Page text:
• Catherine Steele

Understanding Clinical Trials for People with Cancer

Advice on finding suitable clinical trials, how to enrol and some important factors that you should consider before agreeing to participate.

Yesterday I received a radiologist’s report from the Christie Hospital in Manchester. I’m delighted to say that my cancer burden remains very low and is stable.

I have been participating in the HER2CLIMB clinical trial for 15 months and it has been a huge success for me. The trial is designed to determine whether the addition of the trial drug (Tucatinib) with an existing treatment combination (Capecitabine and Trastuzumab) increases Progression Free Survival (PFS) and other survival markers. The average PFS for the combination of Capecitabine with Trastuzumab is 28 weeks which is less than half the time that I have been on the trial.

Furthermore, despite being my third line of treatment for metastatic breast cancer, it has been almost twice as effective as my first two lines of treatment (which each kept me stable for 8 or 9 months).

HER2CLIMB is a double-blind trial which means that neither I or my medical team know whether I’m receiving the trial drug or a placebo, but with these results, I strongly suspect that I am part of the cohort receiving the trial drug.

It’s not been easy though. Manchester is 400 miles away from my home in Aberdeenshire and every three weeks, I have to take the trip alone to be treated, tested, poked and prodded. The side effects are unpleasant, but manageable but the scan schedule is relentless.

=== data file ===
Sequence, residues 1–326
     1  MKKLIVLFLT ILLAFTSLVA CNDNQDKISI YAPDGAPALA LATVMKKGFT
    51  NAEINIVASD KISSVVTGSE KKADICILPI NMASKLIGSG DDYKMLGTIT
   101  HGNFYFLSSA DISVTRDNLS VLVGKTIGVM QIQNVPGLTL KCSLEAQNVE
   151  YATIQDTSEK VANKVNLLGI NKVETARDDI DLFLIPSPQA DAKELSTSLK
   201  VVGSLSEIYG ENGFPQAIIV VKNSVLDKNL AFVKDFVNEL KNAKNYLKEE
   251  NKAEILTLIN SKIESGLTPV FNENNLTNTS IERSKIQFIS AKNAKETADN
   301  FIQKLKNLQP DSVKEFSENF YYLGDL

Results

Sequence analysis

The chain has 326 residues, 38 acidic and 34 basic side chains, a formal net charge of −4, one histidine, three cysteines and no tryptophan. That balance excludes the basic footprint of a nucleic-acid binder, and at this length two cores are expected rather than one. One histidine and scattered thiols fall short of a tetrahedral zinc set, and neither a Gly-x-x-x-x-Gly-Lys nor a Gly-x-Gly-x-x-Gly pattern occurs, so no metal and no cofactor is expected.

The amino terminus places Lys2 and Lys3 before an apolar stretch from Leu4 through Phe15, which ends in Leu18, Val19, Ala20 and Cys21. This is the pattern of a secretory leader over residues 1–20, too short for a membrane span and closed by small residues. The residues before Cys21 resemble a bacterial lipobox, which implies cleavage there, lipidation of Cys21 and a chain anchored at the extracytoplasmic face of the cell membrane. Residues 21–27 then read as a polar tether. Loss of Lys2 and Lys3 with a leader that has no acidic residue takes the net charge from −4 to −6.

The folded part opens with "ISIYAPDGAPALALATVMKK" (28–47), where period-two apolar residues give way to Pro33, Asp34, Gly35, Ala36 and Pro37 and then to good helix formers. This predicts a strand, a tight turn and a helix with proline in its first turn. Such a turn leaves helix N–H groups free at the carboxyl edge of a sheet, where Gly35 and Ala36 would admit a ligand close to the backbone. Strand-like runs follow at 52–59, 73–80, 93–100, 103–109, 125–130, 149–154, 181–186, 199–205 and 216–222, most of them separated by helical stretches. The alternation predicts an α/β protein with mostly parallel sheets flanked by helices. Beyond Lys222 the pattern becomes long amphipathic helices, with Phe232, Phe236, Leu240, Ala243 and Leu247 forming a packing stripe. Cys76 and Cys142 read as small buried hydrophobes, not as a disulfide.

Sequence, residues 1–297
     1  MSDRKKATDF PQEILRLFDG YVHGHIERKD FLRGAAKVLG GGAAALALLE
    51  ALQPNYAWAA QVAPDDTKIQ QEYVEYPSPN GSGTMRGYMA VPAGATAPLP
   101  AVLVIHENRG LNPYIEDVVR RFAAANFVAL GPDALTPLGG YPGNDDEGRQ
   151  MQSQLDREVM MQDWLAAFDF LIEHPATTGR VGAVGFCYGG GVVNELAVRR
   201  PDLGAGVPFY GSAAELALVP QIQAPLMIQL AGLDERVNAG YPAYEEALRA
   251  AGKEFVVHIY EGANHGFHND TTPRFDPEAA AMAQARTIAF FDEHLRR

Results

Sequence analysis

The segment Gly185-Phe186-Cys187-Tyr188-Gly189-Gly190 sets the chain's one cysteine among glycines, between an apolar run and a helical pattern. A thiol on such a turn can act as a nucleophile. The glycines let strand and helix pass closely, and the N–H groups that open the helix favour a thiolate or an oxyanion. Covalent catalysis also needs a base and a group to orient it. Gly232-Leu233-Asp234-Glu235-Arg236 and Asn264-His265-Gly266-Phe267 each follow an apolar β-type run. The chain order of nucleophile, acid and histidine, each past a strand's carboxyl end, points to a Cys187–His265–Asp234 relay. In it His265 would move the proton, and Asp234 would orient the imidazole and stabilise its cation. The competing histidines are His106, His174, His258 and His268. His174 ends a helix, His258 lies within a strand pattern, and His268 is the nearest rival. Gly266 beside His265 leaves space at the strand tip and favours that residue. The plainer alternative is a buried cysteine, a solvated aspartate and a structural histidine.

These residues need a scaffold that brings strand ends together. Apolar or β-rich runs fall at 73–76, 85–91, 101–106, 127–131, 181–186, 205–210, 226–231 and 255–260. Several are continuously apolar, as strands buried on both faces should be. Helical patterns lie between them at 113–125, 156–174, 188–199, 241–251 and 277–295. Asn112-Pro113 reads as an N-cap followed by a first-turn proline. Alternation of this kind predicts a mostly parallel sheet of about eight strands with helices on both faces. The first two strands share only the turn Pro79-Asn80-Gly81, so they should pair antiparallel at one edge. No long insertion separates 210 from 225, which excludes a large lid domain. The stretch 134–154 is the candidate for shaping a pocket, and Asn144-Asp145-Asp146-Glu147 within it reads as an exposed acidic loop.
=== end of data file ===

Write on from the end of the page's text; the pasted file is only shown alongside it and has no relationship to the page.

I realise that not everyone has such success with trials. By nature, the risks involved for patients participating in clinical trials are high, especially in earlier phases where safe dosing levels have not yet been established. Indeed, I had a friend who embarked on a phase 1 immunotherapy trial last year and sadly died weeks later from a phenomenon known as hyper-progression. My personal success is tinged with guilt and sadness for others who have not been as lucky as me.

Embarking on a clinical trial is a big decision. In this blog, I share some tips for finding suitable clinical trials, how to enrol and some important factors that you should consider before agreeing to participate.

1. What is a Clinical Trial?

Before a treatment is licensed, it is subjected to rigorous testing to ensure it is safe and effective. This testing starts in the lab on cell cultures and animal models (usually mice). Once efficacy is demonstrated, the organisation must apply for a licence from an independent government body to allow the drug to be administered to humans as part of a clinical trial. It is a long and arduous process with a high failure rate. Only 1 in every 1000 drugs progress from pre-clinical testing to clinical trial.

2. When to seek Clinical Trial

The short answer is ‘anytime’. I’ve heard oncologists recommend that you should only consider clinical trials once all the standard treatment options have been exhausted. In my view, this is nonsense and can have a serious detrimental effect on prognosis. I am constantly on the lookout for trials that I might qualify for as they often offer the possibility of an enhanced protocol compared to the standard treatment options. This is especially true of later phase trials where the trial drug is given as an adjunct to the standard protocol rather than an alternative. The HER2CLIMB trial that I’m participating in is a perfect example.